Karzai`s brother to scale back role in Kandahar: NATO
The controversial brother of Afghan President Hamid Karzai is ready to "stand out of the way" and play a less important role in Kandahar province, a top NATO commander said Thursday.
Washington: The controversial brother of Afghan President Hamid Karzai is ready to "stand out of the way" and play a less important role in Kandahar province, a
top NATO commander said Thursday.
British Major General Nicholas Carter told reporters that Ahmed Wali Karzai, chairman of Kandahar`s provincial legislative council who is widely accused of corruption, plans
to gradually cede power to the governor of the province.
"I think he will increasingly stand out of the way and allow the governor to do that governing. That is the strategy that we`re encouraging," Carter said by video link from
"And the early indications are that he is creating the space for the governor to fill," Carter said.
The Afghan president`s younger half-brother is seen as a powerful figure in the Kandahar region and has denied widespread allegations that he has links to the lucrative
opium trade and private security firms.
Western officials and analysts view him as a potential obstacle to winning the trust of local Afghans in a pivotal bid by US and Afghan forces to break the Taliban`s influence
in and around Kandahar city.
Carter, who leads the southern regional command for the NATO-led force in Afghanistan, sidestepped allegations swirling around the Afghan president`s brother but alluded to his tainted reputation.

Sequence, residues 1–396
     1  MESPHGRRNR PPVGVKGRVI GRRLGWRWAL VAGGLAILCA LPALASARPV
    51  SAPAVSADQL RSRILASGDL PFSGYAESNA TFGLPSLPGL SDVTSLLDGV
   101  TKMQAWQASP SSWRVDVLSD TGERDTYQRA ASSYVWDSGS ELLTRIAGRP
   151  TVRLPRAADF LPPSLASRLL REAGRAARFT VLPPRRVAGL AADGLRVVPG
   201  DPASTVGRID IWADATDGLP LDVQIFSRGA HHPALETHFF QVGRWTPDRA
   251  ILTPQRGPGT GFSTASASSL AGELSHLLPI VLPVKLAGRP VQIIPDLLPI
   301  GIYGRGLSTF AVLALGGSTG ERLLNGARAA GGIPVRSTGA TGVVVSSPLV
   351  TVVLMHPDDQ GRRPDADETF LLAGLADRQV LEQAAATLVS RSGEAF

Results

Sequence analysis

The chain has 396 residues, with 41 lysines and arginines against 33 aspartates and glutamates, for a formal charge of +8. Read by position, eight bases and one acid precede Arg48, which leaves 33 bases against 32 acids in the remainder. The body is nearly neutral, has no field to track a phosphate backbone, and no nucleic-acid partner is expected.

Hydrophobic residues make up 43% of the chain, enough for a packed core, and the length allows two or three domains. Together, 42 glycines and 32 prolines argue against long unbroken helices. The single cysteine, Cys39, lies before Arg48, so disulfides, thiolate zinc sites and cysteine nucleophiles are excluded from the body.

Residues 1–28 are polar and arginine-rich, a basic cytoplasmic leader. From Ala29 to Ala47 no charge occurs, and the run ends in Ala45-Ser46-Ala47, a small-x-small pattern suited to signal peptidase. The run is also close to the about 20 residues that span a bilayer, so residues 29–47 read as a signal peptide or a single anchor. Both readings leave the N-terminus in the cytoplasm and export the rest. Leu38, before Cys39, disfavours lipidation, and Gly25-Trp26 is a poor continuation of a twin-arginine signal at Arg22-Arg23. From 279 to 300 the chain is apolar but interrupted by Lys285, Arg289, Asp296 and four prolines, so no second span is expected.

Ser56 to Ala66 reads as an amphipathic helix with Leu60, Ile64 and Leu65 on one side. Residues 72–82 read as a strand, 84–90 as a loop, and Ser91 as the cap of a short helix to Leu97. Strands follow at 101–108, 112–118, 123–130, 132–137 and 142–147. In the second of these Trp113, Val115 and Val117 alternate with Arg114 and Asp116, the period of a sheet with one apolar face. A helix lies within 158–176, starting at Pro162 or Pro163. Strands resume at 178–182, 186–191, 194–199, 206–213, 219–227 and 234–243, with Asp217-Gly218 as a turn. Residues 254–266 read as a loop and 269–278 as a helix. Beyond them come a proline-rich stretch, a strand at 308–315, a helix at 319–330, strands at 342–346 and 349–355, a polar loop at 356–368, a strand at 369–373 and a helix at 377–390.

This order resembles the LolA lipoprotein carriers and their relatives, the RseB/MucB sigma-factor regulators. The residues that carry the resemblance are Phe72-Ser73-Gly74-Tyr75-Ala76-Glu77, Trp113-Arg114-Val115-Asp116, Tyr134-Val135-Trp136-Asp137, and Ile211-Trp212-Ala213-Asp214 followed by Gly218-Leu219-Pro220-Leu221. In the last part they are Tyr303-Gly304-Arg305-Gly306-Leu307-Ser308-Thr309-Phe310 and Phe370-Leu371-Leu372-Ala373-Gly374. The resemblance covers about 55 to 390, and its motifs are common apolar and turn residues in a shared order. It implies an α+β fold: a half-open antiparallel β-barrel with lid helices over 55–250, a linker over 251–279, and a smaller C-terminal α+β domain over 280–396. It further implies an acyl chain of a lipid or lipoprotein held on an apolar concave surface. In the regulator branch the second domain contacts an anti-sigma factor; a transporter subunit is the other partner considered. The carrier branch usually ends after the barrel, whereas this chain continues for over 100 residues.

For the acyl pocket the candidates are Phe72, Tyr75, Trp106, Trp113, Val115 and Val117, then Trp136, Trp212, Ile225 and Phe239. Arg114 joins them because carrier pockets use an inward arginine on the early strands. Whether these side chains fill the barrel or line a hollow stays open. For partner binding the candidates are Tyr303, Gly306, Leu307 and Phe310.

"He would tell you -- and he`s either a candidate for an Oscar, or he`s the most maligned man in Afghanistan -- that he is trying to help his country, that he`s trying to help us and
he`s trying to help his people," Carter said.
Ahmed Wali Karzai also maintains that he would rather be watching his favorite English football club Chelsea than help rule Kandahar, he said.
"Now whether you believe it not, the key to this is if you make it clear to him, that it`s the governor that`s going to govern."
The general said he expected the role of the governor of Kandahar province, Tooryalai Wesa, to gradually increase while Karzai and other members of the provincial council would play more of an advisory role.
"That is what is currently underway. And we will very much judge success by the extent to which that balance switches," he said.
Carter said he hoped that military and political efforts underway would show results by the fall, with Afghans in Kandahar enjoying improved security and services from their